Faculty of Linguistics, Philology and Phonetics
The global use of English is one of the most tangible consequences of British colonialism, and as such it should invite much more critical self-reflection in the Anglophone academic world than it currently does. The Faculty of Linguistics, Philology and Phonetics sees it as one of its foremost tasks to promote the perception of linguistic diversity as an enrichment of culture, rather than a hindrance to communication. Correspondingly, while one of our foci continues to be the study of the many fascinating languages of Europe other than English, our staff and students are just as deeply engaged in research on a great variety of other languages of the world, especially but not only those of Asia. Moreover, we strongly believe that the attention we pay to language history as much as language structure is essential to engendering a decentralised world view that shuns away from parochialism and a new kind of academic colonialism: the assumption that one can do justice to other peoples and cultures without studying – and thus valuing – their languages. Hence we are particularly keen to engage with, and learn from, students and researchers from around the world who can diversify further our inevitably limited understanding of the richness of human language in all its forms.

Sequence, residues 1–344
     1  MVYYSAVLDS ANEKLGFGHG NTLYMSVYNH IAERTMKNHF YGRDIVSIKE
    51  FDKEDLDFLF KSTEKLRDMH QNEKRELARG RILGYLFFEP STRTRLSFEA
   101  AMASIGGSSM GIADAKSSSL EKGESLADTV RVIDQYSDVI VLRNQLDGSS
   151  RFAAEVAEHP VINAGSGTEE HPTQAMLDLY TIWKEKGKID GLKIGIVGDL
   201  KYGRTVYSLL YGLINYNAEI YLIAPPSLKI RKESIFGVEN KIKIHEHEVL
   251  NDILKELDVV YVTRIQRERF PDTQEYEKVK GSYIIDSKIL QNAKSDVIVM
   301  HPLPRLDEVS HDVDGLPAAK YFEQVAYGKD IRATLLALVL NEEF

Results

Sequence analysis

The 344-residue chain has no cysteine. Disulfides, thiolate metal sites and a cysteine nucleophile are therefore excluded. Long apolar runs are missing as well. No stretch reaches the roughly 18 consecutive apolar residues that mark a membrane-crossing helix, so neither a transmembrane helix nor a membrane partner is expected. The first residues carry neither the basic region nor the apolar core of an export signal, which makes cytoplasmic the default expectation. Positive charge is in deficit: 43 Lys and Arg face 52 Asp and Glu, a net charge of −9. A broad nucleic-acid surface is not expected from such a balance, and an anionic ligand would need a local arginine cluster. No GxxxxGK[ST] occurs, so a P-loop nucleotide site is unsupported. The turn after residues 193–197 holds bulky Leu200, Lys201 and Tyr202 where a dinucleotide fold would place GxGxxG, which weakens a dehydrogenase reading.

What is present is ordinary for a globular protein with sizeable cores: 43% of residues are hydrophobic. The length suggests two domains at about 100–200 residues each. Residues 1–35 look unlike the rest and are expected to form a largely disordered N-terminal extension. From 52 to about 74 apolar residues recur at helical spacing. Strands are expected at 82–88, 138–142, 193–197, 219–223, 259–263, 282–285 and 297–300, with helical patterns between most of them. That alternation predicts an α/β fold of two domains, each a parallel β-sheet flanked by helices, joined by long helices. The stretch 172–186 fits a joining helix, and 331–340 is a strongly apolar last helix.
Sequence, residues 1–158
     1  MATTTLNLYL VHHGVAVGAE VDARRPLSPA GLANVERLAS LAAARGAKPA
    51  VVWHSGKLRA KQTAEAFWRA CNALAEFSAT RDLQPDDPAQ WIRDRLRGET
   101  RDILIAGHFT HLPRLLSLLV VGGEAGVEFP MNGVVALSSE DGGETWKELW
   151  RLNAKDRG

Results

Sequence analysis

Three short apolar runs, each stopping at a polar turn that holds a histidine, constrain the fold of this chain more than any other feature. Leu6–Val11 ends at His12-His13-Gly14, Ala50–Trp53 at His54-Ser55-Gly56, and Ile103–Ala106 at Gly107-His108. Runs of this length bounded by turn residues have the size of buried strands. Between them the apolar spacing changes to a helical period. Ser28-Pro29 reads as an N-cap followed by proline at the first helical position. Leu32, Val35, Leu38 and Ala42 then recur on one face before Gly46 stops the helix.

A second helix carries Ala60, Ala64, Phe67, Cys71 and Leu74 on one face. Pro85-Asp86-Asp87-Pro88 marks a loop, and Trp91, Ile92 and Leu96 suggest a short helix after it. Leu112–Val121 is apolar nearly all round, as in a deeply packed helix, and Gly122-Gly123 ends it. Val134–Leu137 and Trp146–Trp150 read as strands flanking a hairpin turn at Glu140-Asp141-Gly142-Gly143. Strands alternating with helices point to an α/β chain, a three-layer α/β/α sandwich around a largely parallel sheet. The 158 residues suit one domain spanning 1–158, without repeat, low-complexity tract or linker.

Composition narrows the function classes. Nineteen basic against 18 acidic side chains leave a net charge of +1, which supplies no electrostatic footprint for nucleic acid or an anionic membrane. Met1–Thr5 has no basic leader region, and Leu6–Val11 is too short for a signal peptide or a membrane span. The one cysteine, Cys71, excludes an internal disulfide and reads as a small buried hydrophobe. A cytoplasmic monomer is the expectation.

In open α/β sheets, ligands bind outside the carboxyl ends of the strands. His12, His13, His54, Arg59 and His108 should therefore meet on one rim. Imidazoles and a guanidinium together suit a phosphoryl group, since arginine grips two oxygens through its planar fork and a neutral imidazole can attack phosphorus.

The first chair in a linguistics discipline at Oxford University was created in 1868 for Friedrich Max Müller, after he had not been appointed to the Chair of Sanskrit because – unlike his successful competitor – he did not believe in the idea of studying this ancient language of India merely as a tool for spreading Christianity on the subcontinent. Instead, Müller edited the monumental series The Sacred Books of the East, which demonstrated to his contemporaries how much more they had to learn from their colonial subjects than vice versa. We acknowledge that the history of linguistics has not been immune to the temptations of colonialism, but today we know that true progress in linguistic research can only be made if it is informed by such a spirit of openness and humility.